Senate Select Committee on Presidential Campaign Activiti...

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Location:
489008_1_1
Yes
.Caucus Room, Russell Senate Office Building
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Timecode:
1973  (Actual Year)
Color
-
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Original Film:
10425
115001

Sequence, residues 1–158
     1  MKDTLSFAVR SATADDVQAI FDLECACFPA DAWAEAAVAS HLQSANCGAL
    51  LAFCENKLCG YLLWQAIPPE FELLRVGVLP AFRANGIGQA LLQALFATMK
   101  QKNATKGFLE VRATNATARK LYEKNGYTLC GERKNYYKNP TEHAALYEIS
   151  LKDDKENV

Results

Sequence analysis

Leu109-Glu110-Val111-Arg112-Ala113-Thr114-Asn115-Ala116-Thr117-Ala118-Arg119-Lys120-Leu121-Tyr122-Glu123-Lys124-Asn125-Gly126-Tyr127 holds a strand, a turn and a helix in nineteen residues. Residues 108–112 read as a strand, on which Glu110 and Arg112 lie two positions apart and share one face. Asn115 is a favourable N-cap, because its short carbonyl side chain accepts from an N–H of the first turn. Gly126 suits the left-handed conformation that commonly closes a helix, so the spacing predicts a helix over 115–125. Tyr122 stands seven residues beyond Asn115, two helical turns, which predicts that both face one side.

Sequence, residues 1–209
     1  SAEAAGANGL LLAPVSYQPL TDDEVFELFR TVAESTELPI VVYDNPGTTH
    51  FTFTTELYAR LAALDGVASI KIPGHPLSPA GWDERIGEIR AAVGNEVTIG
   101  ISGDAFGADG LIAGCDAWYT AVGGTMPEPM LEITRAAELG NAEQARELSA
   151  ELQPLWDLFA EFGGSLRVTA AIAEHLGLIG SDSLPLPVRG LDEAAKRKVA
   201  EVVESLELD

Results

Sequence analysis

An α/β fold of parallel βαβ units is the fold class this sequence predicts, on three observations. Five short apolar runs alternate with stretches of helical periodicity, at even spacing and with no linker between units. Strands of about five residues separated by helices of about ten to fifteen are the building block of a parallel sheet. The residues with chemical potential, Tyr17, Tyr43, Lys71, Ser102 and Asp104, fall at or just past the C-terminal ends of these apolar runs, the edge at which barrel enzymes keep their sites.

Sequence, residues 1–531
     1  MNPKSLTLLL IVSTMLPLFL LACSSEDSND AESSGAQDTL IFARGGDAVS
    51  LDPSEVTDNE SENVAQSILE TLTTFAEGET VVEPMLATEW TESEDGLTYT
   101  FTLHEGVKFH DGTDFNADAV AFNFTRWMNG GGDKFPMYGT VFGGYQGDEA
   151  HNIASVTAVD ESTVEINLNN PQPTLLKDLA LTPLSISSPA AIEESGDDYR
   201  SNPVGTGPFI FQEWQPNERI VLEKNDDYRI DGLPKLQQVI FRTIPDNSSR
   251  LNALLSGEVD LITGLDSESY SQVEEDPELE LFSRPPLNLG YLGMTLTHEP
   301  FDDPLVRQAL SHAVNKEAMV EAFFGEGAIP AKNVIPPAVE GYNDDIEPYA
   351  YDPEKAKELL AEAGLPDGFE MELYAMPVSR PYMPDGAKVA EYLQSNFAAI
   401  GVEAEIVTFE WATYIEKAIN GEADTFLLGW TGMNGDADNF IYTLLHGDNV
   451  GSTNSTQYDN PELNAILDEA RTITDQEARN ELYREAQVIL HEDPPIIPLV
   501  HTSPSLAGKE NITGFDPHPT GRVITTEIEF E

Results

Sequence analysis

[00.21.20-Sen. INOUYE continues to pose to DEAN the questions sent from the WHITE HOUSE] Senator INOUYE. Did you take any notes of this meeting? Mr. DEAN. Of the, September 15 meeting? Senator INOUYE. Yes, sir. Mr. DEAN. No, sir; and I did not take notes of other meetings for a very specific reason. I recall at, one time Mr. Moore saying to me, John, you are having a lot of meetings with the President; you ought to be recording these. Some of the things that were being discussed in these meetings I did not want to make records of, Senator. Senator INOUYE. Why, sir? Mr. DEAN. I thought they were very incriminating to the President Of the United States. Senator INOUYE. Mr. Chairman, this is not part of the questioning, but, could you advise this committee what sort of information you received? [00.21.55-DEAN tells what kinds of information were discussed that made him reluctant to keep notes of his meetings with NIXON.] Mr. DEAN. Well, I have recalled most, of it in my testimony regarding the conversation on clemency for Mr. Hunt, the million dollar conversation, when the President told me that it. would I problem to raise $1 million on the 13th. I did not, think documents like this should be around the White House, because the White House had a similar problem as far as information getting out,. Senator INOUYE. Did you discuss this September 15 meeting With anyone at that time or at any time since? Mr. DEAN. I believe when I came out of the meeting, I fold Mr. Fielding of my office that I had spent about 30 or 40 minutes with the President and Mr. Fielding did not have full knowledge Of my activities at this time. But I told him that fact that the meeting had occurred and that the President seemed very pleased with the job that I had been doing thus far. I think Mr. Fielding probably had a general awareness about the specifies of the fact that I was involved in assisting with the, coverup. Senator INOUYE. You have indicated in your testimony that you were certain after the September 15 meeting that the President was fully aware of the coverup, did you not? Mr. DEAN. Yes, sir. Senator INOUYE. And you further testified that you believed that, you had on your spurs in handling the coverup by February 27, when you were told by the President that you would report to him directly. Is that not correct? Mr. DEAN. I do not believe I used the word "my spurs." I think that, was another characterization. I said I thought I had earned my stripes. [00.23.48-POINTED question originating from the WHITE HOUSE] Senator INOUYE. If that was the case, why did you feel it necessary on February 27 to tell the President that you had been participating In a coverup and therefore, might be chargeable with obstruction of justice? Mr. DEAN. Because on the preceding day, he had indicated to me that Mr. Haldeman and Mr. Ehrlichman were principals and I was Wrestling with what he meant by that. I wanted him to know that I felt also that I -was a principal. So I wanted him to be able to assess whether I could be objective in reporting directly to him on the matter. [00.24.28] Senator INOUYE. If the President was aware on September 15 of the Coverup, was he not, aware that you were implicated also? Mr. DEAN. I would think so, but I did not understand his remark at the time. Senator INOUYE. Then, why was it necessary on February 27 to advise him that you -were guilty of Obstruction of justice? Mr. DEAN. Because as I 'said. Senator, when he mentioned the fact that Mr. Ehrlichman and Mr. Haldeman -were principals, I did not, understand what, he meant.. I wanted to make it clear to him , that that I felt, I also had legal problems and I had been involved in obstruction of justice. Any time I was in the oval office, I did not want to withhold anything from the President at any time, and felt that any information that he was seeking or came out as a result of the conversation, that I should give it to him. [00.25.20-the WHITE HOUSE questions hit upon an apparent inconsistency in DEAN'S testimony-DEAN is calm in responding] Senator INOUYE. If you were not clear as to whether the President clearly understood, are you suggesting that on September 15 he did not clearly understand what was happening? Mr. DEAN. I have testified that one of the reasons I sought the meeting of the 21st is because I did not think the President fully understood the implications of the coverup, the fact, that people had been involved in obstruction of justice and I wanted to make it very clear to him that this was my interpretation of the situation. At that time, I did have access to the President. When he did call we the night before, I did raise it and felt that I should go in and tell him the implications of this entire matter. [00.26.09-AGAIN, the WHITE HOUSE questions attempt to pick apart DEAN'S testimony on semantic grounds] Senator INOUYE. If you felt that the President of the United States did not, fully understand the implications on February 27, how did you expect the, President to understand the implications on September 15 of the prior year? [00.26.25-DEAN'S response is calm] Mr. DEAN. When I went in on the 15th of the prior year -as I say, this was sort of a congratulations, good job, John, Bob's told me what you have been doing. At the, time, we went on to discuss other aspects of the efforts to prevent the entire matter from mm coming out before the election. We talked about, when the civil suit would proceed, we talked about when the criminal suit would be tried. The discussion at that time was very--the President was asking most of the questions and I was giving very short answers. I might also add that I was very unused to going into the President's office. I was extremely nervous -when I was before him. This was the first time, I had ever really had a sort of one-to-one session with him. The other meetings I have been in, there have been many other members of the staff. I have not done most of the talking; rather, I was the man who was in there taking notes or taking other people into the meetings So I would answer his questions and listen and do the best I could to report. [00.27.39]